It’s the latest talk of the town, BSIII two-wheelers are going to phase out by 1st April. While everyone is talking about it only a few know what the real difference is between a BSIII and a BSIV vehicle.
What’s the story behind BSIII/BSIV and what exactly does it mean?
BS stands for Bharat Stage and it was first introduced in the year 2000 based on European regulations. The following years saw the execution of stricter emission standards. BSIII or Bharat Stage III emission norm was introduced for the first time in 2005, 15 major Indian cities were selected for its implementation and by the year 2010, it was enforced in all Indian cities.
Latest and most advanced form or emission standard is the BS/Bharat Stage IV which will be seen in effect from 1st April. After this date, all the auto manufacturers will be held from selling any vehicle which doesn’t comply with the BSIV emission standard.
How is BSIII different from BSIV?
The emission from a petrol powered BSIII two-wheeler is supposed to have carbon monoxide (CO) restricted to 1.00 g/km and Hydrocarbon + Nitrous oxide (HC + NOx) emission level should not exceed 1.00 g/km.
When talking about a BSIV compliant two-wheeler, its emission should not contain more than 0.75 g/km of CO and HC+Nox respectively.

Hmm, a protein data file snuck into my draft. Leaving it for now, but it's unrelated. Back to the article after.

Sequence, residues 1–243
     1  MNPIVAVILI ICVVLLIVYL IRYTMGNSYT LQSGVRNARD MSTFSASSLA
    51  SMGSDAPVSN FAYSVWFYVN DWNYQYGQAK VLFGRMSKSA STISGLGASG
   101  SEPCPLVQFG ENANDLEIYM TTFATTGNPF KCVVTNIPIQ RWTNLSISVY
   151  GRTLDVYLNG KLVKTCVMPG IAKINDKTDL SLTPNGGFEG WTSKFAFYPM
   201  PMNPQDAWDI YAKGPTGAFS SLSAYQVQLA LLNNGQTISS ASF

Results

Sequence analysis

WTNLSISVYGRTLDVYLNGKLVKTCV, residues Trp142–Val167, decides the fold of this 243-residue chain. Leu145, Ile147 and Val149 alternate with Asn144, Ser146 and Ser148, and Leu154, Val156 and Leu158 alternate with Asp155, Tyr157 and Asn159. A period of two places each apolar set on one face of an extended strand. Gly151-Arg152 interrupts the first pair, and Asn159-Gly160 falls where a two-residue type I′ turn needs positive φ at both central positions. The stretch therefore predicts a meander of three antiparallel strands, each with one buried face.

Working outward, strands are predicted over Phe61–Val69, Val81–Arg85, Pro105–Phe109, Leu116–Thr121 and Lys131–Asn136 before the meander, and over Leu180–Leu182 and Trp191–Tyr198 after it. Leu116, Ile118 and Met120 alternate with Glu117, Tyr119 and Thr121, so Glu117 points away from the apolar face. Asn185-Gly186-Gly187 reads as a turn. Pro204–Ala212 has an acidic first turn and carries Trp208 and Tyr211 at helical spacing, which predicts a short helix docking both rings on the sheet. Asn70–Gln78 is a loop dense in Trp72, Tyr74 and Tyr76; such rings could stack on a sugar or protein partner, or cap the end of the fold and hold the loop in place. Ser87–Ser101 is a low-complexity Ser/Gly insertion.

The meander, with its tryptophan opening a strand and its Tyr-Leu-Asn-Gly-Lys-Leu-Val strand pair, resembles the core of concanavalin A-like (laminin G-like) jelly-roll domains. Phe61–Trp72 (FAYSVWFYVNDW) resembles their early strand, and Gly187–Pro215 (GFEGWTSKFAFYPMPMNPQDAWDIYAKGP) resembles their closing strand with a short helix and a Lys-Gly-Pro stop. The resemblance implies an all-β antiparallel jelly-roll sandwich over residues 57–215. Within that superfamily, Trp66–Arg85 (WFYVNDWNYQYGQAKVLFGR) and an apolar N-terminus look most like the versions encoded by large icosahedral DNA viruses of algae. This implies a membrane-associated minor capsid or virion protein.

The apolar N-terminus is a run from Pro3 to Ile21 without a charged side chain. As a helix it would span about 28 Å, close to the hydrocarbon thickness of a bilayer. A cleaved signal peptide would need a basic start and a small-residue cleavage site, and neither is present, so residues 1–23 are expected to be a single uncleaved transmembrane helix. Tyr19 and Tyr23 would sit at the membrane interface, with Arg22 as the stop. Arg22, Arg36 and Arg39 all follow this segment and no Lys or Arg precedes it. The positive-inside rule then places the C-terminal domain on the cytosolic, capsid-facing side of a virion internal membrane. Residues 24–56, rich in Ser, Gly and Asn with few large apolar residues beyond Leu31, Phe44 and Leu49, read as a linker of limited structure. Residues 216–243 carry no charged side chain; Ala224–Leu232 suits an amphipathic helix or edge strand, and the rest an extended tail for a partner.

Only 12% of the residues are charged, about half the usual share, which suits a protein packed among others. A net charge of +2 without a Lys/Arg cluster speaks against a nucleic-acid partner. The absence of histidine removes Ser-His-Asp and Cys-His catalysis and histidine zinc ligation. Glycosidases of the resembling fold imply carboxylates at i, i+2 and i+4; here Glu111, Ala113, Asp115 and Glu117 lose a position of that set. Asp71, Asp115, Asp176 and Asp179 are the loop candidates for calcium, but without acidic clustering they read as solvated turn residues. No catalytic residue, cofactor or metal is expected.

What do experts say about this shift?
Vinod Dasari, MD, Ashok Leyland Limited said, “Auto Industry has had the capability of making BS4 vehicles since 2010, but the lack of proper BS4 fuel prevented it from selling such vehicles, nationwide. Running a BS4 vehicle with BS3 fuel can cause severe problems to some vehicles."
"While no one pushed for BS4 fuel availability for 7 years to change over faster, this sudden decision – just a few days before the changeover - is rather unfortunate as it causes undue stress on the entire industry, and causes loss of jobs. Auto Industry, anywhere in the world, requires a stable and predictable policy which allows for long-term planning and investments" Vinod Dasari added.
While many of manufacturers have successfully cleared the stock of the BSIII two-wheelers by providing timely offers and discounts, some, on the other hand, are looking forward to exporting the BSIII stocks to the international markets. Auto manufacturers are also converting the existing BSIII vehicles into BSIV. Though this shift will result into a healthier tomorrow but presently it has caused quite a stir in the Indian two-wheeler market.